Waves in air in a tube that is closed

In summary, the shortest length that will cause a loud note is 0.32m or 32.2cm. If the pipe is 1.5m long, you will hear four loud notes as the plunger is withdrawn.
  • #1
the-pal
4
0
1. The air in a closed pipe with an adjustable plunger in is made to vibrate at a frequency 256 Hz over its open end. As the length of the pipe is increased, loud notes are heard as the standing wave in the pipe resonates with the tuning fork.

(a) What is the shortest length that will cause a loud note?
(b) If the pipe is 1.5 m long, how many loud notes will you hear as the plunger is withdrawn?

2. Relevant formulae are

For closed pipe, first harmonic λ = 4L , f¹ = v/4L f³ = 3v/4L = 3 * f¹

3. Answers
(a) Rearranging the formula to get:
L = v/4f¹
L = 330/4*256
L = 330/1024
L = 0.32m or 32.2cm

(b) i thinking that i need to look for the 3rd and 5th harmonics to see how the length I'd affected but i calculate this to be smaller and therefore not really affected by a longer tube! Help?
 
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  • #2
the-pal said:
(b) i thinking that i need to look for the 3rd and 5th harmonics to see how the length I'd affected but i calculate this to be smaller and therefore not really affected by a longer tube! Help?

Hello the-pal. Welcome to PF!

Can you show your work for the "3rd and 5th harmonics". You should be getting longer lengths. Note that the frequency of the tuning fork is fixed, so the frequency at each resonance will be the same. What does that mean for the wavelength of the sound for each resonance? For these types of problems, it can be very helpful to draw a picture which shows the resonant standing waves inside the columns of different length. By noting the number of nodes and antinodes, you can easily figure out the length of the resonating column of air.
 
  • #3
Thanks,

So is it that as I've drawn that only one more full wave will fit in the tube therefore the answer is 2? The third wave would overlap the end and they're not produce the standing wave? Right?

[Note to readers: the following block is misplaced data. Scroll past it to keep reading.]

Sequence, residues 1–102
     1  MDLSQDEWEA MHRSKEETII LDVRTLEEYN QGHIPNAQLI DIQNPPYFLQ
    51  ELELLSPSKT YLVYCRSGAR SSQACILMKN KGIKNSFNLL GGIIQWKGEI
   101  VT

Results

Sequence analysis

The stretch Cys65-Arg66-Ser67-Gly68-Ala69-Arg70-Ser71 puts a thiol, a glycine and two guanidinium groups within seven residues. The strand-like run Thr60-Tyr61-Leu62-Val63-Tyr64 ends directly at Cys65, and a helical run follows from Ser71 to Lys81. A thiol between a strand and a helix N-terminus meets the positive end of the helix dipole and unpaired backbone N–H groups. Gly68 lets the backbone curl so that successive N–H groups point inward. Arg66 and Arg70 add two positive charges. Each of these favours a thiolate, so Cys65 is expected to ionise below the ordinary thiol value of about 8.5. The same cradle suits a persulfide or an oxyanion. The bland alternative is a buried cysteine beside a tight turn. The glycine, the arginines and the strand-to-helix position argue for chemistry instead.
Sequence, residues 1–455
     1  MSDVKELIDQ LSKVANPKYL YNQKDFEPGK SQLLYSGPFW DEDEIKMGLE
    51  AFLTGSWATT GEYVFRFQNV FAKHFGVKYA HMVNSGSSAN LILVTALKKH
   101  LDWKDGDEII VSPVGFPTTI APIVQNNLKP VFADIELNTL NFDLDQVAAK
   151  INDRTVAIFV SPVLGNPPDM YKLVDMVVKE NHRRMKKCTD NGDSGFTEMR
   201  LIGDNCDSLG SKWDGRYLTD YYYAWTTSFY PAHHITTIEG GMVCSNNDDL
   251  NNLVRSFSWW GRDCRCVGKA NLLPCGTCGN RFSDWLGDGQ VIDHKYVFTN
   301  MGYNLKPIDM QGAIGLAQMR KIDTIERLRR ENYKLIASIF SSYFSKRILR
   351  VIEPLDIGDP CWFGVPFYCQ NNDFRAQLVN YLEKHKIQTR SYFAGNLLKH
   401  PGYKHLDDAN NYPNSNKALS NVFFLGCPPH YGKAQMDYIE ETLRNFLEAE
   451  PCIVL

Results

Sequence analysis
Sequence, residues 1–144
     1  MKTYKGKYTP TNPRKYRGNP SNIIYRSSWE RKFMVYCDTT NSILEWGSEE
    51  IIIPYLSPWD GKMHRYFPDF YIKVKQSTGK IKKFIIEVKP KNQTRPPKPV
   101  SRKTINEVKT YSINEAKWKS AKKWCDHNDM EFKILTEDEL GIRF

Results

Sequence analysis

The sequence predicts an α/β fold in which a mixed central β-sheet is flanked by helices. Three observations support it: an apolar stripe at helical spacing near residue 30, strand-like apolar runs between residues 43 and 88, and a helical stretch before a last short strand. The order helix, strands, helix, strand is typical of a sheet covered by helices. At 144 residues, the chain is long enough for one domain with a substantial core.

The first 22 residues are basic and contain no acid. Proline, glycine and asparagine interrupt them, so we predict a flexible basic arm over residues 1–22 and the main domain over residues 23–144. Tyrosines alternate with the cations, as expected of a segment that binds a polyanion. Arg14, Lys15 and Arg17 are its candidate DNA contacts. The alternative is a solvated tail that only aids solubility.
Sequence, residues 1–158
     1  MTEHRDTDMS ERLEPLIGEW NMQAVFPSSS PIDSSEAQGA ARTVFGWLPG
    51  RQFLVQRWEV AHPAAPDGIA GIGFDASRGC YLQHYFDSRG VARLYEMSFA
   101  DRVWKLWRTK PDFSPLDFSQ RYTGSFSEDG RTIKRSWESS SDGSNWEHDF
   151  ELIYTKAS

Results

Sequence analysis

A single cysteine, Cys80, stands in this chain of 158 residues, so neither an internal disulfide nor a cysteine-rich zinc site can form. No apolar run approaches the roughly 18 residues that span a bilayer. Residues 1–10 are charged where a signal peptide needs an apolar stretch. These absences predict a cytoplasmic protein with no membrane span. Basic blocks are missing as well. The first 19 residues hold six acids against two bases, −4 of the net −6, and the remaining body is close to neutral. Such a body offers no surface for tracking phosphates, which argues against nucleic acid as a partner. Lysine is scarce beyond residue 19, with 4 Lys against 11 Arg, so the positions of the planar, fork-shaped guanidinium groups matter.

So actually it is not about the other harmonics?
 
  • #4
Remember that you must have an antinode at the open end and a node at the water surface. So, if you think about it, how far should the water be lowered to go from one resonance to the next?
 
  • #5
Yes. I know that is what my diagram shows but I didn't seem to upload from the physics forum app?

The wave will look like this ><> right?
 
  • #6
the-pal said:
The wave will look like this ><> right?

Right:

>

><>

><><>

Cool :cool:
 
  • #7
So my answer of 2 is right as ><><> would be 1.61 so will not fit in the 1.5m pipe.

Boom.

Thanks
 
  • #8
Looks good!
 

Related to Waves in air in a tube that is closed

1. What are waves in air in a closed tube?

Waves in air in a closed tube are a type of standing wave that is created when sound waves travel through a tube that is sealed at both ends. These standing waves are characterized by nodes, or points of no movement, and antinodes, or points of maximum movement.

2. How are these waves created?

These waves are created when sound waves reflect off the closed ends of a tube and interfere with each other. This interference results in the formation of standing waves with specific frequencies, known as the resonant frequencies.

3. What factors affect the resonant frequencies of these waves?

The resonant frequencies of waves in a closed tube are affected by the length of the tube, the speed of sound in the tube, and the temperature of the air inside the tube. As these factors change, the resonant frequencies also change, resulting in different standing wave patterns.

4. What is the relationship between the length of the tube and the resonant frequencies?

The length of the tube is directly related to the resonant frequencies of the waves. As the length of the tube increases, the resonant frequencies decrease, and vice versa. This is because longer tubes allow for more nodes and antinodes to form, resulting in lower frequencies.

5. How are these waves used in practical applications?

Waves in air in a closed tube have various practical applications, such as in musical instruments like flutes and organ pipes, where the length of the tube can be adjusted to produce different notes. They are also used in acoustic resonators, such as in exhaust systems of vehicles, to reduce noise levels by canceling out certain frequencies.

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